It is a recognition of this fact and a crafting of the initial complaint specifically for Circuit and The Supreme Court that makes Richards so much superior to cases like Peruta which are written with the full expectation that it can be properly adjudicated at the district level. The Peruta amended complaint went far to improve it but you can only do so much with a faulty case to start with.

Connor P Price
04-04-2011, 4:41 PM
It almost certainly will, but not for the reason you or I might hope. It will apply to all of CA because it will only be decided in our favor at the circuit (or more likely SCOTUS) level which has jurisdiction broader than the Eastern District where the case is currently.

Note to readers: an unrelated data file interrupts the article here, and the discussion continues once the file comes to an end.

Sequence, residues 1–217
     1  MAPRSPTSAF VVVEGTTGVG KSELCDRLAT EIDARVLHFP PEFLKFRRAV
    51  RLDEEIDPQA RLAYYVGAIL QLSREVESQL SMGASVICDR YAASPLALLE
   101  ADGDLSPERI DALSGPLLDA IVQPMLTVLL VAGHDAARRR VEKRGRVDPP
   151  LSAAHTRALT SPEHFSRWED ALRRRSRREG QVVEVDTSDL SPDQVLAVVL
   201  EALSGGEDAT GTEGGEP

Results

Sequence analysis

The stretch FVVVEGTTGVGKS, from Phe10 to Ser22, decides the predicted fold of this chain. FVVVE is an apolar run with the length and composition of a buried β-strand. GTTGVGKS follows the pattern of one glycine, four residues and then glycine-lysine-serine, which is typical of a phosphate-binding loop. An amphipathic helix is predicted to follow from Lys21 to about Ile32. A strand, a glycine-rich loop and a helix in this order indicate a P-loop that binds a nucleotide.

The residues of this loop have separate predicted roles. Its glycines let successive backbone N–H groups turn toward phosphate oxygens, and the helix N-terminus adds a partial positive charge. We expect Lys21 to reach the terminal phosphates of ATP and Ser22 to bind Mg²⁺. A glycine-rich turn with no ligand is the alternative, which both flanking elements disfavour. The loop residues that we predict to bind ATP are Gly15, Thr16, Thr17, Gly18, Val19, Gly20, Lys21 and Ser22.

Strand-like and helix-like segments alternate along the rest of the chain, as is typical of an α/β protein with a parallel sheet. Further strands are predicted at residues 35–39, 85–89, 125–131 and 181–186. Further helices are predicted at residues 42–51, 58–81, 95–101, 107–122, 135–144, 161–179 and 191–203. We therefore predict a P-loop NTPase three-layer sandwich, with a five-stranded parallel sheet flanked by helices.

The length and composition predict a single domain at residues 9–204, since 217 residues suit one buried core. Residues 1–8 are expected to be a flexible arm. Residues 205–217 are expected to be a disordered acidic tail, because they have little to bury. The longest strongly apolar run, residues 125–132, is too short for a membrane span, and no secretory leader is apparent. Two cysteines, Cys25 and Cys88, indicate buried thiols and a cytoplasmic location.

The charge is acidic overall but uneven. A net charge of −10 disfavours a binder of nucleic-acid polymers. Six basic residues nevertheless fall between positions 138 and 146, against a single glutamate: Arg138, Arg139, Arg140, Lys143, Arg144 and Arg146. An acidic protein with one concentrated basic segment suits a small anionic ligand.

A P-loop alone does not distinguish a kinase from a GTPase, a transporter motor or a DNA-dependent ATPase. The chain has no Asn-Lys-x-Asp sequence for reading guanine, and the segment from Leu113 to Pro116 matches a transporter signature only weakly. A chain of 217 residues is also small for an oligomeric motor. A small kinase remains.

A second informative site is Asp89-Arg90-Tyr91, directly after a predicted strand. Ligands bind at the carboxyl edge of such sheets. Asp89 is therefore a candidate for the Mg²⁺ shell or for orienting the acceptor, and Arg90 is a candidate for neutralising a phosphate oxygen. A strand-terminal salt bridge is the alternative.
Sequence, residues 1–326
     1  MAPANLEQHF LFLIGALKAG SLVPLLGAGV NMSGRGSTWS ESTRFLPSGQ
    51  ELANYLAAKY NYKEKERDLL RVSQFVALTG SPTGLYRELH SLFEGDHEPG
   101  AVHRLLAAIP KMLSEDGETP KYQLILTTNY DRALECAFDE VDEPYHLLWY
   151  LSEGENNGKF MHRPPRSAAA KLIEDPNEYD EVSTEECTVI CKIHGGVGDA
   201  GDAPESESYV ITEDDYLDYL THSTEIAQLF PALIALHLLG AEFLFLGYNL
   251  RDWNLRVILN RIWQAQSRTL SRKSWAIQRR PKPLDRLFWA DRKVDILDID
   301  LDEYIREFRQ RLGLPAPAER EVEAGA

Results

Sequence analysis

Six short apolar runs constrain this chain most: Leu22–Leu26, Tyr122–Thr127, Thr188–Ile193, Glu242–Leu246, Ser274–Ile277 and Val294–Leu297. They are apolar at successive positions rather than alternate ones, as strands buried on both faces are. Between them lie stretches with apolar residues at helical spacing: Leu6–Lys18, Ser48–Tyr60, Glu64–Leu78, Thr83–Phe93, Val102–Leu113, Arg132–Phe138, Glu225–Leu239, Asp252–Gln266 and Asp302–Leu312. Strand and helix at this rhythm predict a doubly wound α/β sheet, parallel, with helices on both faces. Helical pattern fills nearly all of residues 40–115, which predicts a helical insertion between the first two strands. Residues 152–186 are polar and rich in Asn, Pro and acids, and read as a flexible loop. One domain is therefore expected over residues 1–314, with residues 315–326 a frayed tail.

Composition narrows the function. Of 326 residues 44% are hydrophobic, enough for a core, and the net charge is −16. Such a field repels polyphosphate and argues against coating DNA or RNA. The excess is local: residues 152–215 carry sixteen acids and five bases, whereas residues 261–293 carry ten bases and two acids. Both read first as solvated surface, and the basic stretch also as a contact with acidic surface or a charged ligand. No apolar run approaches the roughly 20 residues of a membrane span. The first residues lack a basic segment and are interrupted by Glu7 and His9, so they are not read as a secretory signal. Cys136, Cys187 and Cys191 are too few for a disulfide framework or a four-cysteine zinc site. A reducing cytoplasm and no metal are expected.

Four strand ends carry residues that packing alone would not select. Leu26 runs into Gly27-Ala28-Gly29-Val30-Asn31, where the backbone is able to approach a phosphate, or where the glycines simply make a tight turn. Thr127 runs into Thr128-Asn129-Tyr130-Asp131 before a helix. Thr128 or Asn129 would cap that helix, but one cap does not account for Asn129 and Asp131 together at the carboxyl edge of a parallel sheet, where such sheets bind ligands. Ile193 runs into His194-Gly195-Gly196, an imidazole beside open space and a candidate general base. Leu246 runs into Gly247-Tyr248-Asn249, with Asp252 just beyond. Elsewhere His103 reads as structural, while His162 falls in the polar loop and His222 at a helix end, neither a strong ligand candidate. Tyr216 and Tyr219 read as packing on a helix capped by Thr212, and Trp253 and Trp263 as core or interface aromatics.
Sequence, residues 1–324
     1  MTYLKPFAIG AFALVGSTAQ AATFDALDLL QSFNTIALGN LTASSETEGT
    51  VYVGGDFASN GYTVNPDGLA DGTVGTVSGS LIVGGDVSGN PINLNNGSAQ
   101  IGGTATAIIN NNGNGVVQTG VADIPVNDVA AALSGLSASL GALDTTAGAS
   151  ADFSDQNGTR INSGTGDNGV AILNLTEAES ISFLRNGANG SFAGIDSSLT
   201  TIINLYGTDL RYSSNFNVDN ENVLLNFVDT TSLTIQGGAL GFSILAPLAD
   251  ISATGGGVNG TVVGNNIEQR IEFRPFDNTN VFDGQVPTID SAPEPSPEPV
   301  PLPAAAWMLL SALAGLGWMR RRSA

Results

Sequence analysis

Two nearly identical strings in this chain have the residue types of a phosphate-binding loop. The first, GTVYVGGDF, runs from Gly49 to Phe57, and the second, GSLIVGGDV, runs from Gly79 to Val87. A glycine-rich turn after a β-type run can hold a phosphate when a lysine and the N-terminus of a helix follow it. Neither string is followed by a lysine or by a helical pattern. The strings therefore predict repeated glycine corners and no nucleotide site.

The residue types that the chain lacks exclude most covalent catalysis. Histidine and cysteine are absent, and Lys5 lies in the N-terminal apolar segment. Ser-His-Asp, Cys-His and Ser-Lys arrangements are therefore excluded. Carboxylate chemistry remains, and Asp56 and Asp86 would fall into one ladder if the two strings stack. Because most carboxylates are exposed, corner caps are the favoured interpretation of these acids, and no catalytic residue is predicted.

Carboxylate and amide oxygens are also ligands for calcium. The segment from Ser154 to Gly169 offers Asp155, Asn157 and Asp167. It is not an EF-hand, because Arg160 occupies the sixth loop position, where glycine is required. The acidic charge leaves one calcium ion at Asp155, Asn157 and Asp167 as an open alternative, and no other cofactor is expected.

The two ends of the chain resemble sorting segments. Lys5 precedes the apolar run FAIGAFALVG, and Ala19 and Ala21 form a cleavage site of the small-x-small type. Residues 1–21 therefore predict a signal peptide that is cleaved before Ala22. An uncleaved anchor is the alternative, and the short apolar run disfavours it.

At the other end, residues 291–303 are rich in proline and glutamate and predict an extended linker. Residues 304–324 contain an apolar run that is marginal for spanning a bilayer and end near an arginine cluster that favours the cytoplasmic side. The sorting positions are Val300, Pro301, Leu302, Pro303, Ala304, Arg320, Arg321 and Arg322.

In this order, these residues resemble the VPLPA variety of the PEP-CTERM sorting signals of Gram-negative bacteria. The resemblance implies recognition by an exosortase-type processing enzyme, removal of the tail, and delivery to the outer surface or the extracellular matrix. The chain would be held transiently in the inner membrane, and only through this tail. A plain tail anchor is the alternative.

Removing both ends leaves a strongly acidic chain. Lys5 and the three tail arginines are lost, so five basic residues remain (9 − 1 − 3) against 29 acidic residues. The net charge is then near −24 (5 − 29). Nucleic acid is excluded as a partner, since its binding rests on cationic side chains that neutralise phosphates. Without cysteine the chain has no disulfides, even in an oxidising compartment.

As clear as Heller and McDonald are district and even circuit courts have managed to completely ignore their implications and done what Patrick-2 has eloquently described as the 2A two step. Part 1, since Heller was only about "in the home" it is only binding on cases about "in the home" and therefore carry cases are "not core." Part 2, "not core" cases only get intermediate (not strict scrutiny) Then they mis-apply rational basis scrutiny labeled as intermediate and decide the right really doesn't exist.

I would expect the same in Richards at the District level. I would be surprised if it were anything but this exact rationale. Happily surprised, but surprised.